Related Topics: Cancer, Features, Natural Progesterone

Tumour Growth In Childhood Cancer Inhibited by Progesterone

Science may finally be catching up with the late Dr John Lee as a new study vindicates his views on the protective effects of natural progesterone.

AnnA Rushton

This study was done at Emory University and the lead author was Dr. Donald Stein, who pioneered the use of progesterone in treating brain injuries. It shows that high doses of progesterone inhibited the growth of neuroblastoma tumors in mice without killing healthy cells. Neuroblastoma is a cancer that develops from nerve tissue, and is the most common cancer in small children.

Dr Stein and his team were working on the problem of how to make progesterone more effective when they discovered that while progesterone was protecting healthy neurons from stress effects it also killed cells in a cancer line. When they investigated this effect in mice, they found that over eight days progesterone cut tumor growth by 50 percent, without toxicity.

They explain that, “High-dose P4 [progesterone] inhibited tumor growth by suppressing cell proliferation and inducing apoptosis…” Apoptosis is programmed cell death, and a hallmark of cancer cells is that they don’t die when they’re supposed to. Progesterone also signals cells to differentiate, or develop into specific types of cells. Another hallmark of cancer cells is that they don’t differentiate.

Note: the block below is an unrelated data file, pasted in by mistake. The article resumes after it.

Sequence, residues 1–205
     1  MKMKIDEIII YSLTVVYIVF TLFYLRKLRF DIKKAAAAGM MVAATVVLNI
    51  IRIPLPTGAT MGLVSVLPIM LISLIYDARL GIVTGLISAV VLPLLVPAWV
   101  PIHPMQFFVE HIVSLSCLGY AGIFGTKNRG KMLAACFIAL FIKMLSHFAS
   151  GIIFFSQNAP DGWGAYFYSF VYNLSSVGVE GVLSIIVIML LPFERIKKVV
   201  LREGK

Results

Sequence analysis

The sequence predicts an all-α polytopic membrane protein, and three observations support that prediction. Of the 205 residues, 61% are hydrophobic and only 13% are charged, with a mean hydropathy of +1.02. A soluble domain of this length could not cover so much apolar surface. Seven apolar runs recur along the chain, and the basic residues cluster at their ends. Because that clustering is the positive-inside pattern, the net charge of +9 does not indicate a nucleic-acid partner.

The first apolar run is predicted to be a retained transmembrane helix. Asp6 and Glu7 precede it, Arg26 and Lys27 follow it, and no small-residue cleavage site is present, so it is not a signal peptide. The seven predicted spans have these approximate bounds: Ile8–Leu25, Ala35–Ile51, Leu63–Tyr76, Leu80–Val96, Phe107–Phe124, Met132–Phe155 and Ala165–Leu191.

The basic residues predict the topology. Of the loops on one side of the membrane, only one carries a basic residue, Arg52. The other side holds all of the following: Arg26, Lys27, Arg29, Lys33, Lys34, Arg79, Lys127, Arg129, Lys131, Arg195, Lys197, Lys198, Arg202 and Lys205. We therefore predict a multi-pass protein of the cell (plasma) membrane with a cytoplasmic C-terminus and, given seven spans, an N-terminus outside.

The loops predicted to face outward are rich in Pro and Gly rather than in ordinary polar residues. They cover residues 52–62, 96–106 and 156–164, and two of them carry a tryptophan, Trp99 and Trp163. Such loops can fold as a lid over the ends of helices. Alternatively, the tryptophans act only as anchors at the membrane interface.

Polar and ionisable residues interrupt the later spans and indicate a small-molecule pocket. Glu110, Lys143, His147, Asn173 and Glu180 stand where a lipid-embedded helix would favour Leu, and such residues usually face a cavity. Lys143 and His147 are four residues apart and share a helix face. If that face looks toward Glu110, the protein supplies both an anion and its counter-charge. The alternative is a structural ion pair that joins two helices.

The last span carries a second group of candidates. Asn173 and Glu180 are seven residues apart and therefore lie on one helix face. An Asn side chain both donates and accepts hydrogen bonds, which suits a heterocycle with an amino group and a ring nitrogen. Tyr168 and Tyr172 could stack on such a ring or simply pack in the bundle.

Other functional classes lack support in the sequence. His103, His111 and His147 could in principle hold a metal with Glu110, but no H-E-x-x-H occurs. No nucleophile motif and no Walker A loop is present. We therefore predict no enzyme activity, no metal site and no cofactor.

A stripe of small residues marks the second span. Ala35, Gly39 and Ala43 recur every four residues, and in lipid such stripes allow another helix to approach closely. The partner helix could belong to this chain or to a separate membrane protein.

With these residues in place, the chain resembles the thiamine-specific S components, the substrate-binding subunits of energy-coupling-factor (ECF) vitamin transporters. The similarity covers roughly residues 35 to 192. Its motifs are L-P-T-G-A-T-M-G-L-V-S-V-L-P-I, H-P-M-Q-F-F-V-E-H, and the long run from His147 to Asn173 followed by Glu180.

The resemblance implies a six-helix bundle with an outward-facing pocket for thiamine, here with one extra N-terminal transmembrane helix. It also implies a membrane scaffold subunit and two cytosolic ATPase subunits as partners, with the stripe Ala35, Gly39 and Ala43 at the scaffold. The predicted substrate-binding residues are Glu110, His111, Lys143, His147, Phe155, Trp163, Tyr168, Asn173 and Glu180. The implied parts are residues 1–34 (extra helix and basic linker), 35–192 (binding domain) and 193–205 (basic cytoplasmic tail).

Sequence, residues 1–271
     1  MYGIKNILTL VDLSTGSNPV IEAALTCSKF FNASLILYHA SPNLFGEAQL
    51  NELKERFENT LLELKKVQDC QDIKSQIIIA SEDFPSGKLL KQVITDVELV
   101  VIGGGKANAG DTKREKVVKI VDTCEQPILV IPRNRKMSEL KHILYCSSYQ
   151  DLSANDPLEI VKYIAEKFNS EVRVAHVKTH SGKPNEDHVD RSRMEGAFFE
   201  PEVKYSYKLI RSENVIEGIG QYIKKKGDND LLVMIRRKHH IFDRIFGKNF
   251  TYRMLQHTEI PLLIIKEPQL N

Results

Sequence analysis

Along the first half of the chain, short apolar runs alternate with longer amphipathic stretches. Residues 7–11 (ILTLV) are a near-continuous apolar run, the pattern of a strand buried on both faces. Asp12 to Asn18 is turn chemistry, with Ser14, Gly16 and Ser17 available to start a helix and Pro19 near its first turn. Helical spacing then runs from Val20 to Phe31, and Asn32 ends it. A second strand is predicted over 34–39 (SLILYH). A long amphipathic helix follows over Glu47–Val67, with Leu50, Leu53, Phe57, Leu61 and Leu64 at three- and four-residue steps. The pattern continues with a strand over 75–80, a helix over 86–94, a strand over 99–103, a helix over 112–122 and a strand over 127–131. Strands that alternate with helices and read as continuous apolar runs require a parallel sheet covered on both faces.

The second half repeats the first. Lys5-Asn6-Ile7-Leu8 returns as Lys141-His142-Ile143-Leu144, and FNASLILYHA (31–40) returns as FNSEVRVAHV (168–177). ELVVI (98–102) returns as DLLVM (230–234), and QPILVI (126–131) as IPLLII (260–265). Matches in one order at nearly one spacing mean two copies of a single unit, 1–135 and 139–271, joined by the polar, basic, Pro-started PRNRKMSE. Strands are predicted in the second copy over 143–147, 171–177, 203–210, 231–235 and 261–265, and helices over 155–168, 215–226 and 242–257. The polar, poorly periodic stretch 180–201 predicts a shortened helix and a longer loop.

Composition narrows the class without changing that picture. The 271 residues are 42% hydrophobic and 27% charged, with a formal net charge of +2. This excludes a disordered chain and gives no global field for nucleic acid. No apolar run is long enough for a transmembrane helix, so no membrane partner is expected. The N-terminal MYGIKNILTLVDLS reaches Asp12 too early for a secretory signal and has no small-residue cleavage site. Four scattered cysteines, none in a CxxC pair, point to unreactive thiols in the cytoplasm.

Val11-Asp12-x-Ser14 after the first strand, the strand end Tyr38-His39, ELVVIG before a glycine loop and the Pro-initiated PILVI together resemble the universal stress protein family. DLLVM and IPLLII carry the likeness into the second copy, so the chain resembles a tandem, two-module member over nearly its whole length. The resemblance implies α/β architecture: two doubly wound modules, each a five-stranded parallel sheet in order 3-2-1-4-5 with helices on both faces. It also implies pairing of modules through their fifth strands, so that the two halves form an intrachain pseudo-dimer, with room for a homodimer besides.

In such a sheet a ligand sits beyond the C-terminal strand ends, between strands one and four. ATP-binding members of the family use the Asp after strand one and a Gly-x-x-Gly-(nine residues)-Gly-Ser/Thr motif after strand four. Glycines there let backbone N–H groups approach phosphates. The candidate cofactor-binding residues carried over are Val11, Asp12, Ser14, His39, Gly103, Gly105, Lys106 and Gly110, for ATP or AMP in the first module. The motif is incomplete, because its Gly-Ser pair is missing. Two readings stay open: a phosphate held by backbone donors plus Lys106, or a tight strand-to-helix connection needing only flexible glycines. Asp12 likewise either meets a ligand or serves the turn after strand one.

The Emory team recently published research showing that a combination of progesterone and vitamin D works better to protect the brain than progesterone alone and are also investigating whether progesterone can help prevent the growth of glioblastomas and astrocytoma, both brain cancers.

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wellsprings | 8:33 am, August 8th, 2011

Thank you for this, and we will keep an eye out for additional information from Emory. Certainly John Lee’s description and identifying of estrogen dominance as being responsible for many hormonal imbalance conditions confirms your view of oestrogen’s effects.

jr | 8:36 pm, August 7th, 2011

Interesting, especially since progesterone’s role in brain health is coming to the forefront. Low progesterone due to annovulatory cycles exacerbates epilepsy and seizure frequency. Emory is also studying its brain-calming effects and how it may treat traumatic brain injury and addiction. In fact, some data indicate that hot flashes are estrogen withdrawal and that progesterone is important in controlling this.

I think the bottom line is that estrogen’s brain effects are largely negative (stroke, dementia, brain atrophy) and that sufficient progesterone is necessary to counterbalance estrogen excess.

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